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Warne prepares for the final bow
Australia fast bowler Glenn McGrath said on Saturday he would retire from all forms of cricket after next year's World Cup.
McGrath ended days of speculation about his future when he confirmed he would join Shane Warne by ending his Test career in next month's final Ashes Test against England [Images] in Sydney.
But McGrath said he would continue playing one-day internationals for another four months before retiring altogether after the World Cup, to be held in the West Indies [Images] in March and April.
"As of the end of the World Cup later next year I'll be finishing up all forms of cricket," McGrath told a news conference in Melbourne.
"Obviously that means Sydney will be my last match, but it's probably a perfect or fitting ending for myself being my home ground and my favourite ground in the world."
McGrath, 36, said he is bowling as well as ever and could have kept on playing but was retiring to spend more time with his family.
McGrath took eight months off this year to look after his children while his wife Jane was undergoing treatment for cancer.
"It's a tough decision because I still love playing. The body feels great and I couldn't be happier with the way I'm bowling so everything's exactly where I want it to be," he said.
"But on the other side, it's an easy decision because of everything else that goes with it...the training, the travel, the time away from home.
"It is getting tougher to leave home, especially with Jane and the kids. The kids are growing up all the time and it's tough missing the things they go through.
"But I would say that with respect to Jane, her health has nothing to do with the decision I've made here today. We're a family and that's what it's all about."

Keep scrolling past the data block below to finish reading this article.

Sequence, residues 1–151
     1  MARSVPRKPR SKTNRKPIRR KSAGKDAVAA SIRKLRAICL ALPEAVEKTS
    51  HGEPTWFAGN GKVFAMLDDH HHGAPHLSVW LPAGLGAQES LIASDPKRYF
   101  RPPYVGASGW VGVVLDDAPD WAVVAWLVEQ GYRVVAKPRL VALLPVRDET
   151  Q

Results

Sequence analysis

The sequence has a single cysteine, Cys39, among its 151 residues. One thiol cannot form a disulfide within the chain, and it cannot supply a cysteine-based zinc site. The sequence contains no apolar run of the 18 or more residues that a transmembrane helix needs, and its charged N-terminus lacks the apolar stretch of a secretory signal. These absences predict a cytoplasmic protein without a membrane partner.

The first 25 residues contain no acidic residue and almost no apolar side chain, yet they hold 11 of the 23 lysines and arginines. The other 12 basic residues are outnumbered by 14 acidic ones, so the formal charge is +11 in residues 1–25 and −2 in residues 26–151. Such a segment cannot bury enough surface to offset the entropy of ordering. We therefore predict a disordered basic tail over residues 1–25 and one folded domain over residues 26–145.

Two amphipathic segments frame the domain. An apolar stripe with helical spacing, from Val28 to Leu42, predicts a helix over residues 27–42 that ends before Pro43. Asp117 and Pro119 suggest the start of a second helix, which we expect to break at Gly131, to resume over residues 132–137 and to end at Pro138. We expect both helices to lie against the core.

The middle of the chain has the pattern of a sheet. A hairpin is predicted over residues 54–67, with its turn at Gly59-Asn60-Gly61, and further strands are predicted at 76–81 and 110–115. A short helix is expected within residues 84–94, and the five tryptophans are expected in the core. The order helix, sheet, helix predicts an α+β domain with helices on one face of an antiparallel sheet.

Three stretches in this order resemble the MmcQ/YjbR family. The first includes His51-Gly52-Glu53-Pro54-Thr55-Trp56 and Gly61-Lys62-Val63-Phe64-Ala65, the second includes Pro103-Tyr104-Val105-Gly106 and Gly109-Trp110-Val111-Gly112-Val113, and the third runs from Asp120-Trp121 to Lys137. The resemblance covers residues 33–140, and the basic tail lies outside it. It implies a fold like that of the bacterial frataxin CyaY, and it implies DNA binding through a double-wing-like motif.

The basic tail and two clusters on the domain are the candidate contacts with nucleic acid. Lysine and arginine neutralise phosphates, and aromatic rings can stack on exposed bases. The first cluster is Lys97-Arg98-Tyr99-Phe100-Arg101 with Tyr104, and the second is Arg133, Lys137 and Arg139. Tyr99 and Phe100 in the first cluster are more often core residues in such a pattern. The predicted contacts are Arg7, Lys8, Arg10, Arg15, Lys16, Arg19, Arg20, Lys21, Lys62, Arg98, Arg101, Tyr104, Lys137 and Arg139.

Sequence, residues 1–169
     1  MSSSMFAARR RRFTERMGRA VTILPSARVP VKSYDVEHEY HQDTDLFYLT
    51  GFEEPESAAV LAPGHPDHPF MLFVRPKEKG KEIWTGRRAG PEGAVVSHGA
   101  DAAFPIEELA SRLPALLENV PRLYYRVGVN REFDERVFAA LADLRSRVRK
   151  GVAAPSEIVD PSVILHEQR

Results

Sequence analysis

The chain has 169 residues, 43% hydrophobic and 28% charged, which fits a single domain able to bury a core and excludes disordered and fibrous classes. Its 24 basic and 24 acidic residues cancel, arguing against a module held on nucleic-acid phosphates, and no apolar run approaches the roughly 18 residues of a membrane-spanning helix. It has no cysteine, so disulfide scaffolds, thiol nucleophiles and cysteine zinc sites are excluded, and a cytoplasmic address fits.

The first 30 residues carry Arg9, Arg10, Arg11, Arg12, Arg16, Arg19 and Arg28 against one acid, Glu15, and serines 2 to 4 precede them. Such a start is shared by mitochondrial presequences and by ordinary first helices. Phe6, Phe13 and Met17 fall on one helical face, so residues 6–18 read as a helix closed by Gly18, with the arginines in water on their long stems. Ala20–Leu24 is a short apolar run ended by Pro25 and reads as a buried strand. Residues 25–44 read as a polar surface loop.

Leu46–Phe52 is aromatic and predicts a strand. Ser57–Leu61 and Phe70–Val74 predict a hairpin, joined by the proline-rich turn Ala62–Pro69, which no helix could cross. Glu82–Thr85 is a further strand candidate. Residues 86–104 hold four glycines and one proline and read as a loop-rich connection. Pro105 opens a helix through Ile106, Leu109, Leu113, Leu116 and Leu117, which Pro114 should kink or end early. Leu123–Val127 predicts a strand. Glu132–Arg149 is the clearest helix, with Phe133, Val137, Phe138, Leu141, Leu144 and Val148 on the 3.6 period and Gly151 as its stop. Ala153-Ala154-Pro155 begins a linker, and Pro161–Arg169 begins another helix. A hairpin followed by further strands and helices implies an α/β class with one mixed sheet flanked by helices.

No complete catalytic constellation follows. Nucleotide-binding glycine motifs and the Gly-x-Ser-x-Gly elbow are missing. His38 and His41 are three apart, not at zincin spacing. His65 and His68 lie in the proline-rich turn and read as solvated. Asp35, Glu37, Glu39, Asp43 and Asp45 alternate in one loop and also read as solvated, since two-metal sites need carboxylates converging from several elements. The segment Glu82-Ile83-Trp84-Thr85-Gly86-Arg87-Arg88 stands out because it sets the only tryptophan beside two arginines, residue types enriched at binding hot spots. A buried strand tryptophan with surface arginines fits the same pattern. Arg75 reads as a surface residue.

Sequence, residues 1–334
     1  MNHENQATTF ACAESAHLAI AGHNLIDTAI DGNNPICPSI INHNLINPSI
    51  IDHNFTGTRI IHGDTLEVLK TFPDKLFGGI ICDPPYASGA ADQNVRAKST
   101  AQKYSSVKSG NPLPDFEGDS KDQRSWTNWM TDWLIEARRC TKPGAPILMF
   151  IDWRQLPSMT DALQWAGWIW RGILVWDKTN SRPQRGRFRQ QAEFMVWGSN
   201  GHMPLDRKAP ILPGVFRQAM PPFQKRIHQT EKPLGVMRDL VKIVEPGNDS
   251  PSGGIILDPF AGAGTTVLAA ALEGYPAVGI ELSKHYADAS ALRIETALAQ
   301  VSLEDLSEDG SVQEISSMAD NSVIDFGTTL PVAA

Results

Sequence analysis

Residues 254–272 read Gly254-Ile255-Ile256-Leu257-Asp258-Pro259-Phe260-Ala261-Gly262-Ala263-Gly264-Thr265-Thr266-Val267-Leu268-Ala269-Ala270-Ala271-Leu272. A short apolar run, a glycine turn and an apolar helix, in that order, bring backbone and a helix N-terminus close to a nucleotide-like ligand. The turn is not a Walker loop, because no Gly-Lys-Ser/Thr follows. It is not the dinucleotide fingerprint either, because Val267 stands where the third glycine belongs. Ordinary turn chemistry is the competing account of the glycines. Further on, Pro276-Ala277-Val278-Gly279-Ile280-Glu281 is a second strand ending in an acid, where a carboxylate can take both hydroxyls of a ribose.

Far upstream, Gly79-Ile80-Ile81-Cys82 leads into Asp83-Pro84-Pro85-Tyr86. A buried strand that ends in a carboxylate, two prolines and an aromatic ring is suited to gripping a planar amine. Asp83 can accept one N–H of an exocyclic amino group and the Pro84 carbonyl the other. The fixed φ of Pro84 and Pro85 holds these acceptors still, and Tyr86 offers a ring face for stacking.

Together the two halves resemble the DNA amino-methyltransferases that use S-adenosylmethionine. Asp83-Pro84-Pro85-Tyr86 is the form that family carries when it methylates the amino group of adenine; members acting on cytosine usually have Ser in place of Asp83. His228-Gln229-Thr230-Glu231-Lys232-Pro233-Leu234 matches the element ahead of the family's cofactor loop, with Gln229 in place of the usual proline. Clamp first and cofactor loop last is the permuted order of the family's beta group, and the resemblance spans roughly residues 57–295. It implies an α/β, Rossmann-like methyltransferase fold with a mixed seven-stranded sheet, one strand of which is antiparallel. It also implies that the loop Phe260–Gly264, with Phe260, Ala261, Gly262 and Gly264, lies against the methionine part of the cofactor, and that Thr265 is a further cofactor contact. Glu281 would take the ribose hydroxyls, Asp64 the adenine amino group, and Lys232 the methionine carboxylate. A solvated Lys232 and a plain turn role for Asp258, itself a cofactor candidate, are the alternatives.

McGrath rose from humble beginnings to become the world's most successful fast bowler, capturing 555 Test wickets in 122 matches, and 342 one-day international wickets in 230 games.
The lanky paceman tormented the world's best batsmen for over a decade with his unerring accuracy but rumours were rife that he was on the verge of quitting.
The wear and tear of bowling had started to take effect and he had struggled with niggling injuries over the past three seasons.
He made a comeback in 2004 and another in September this year after taking time off to care for his wife, immediately helping Australia win the Champions Trophy for the first time, then regain the Ashes they lost to England last year.
Speculation about his future began to intensify when Damien Martyn retired after the Adelaide test and Warne announced he was quitting after Sydney.
McGrath initially tried to dampen the speculation by saying he was still weighing up his options before calling a news conference on Saturday to confirm the news.
"It's only in the last couple of games I made the decision to hang up my boots," he said.
"The plan I had come up with was Shane would go before Melbourne and me before Sydney, but with all the hearsay and scrutiny we wanted to get it out of way. Trying to deny retiring is a bit tough.
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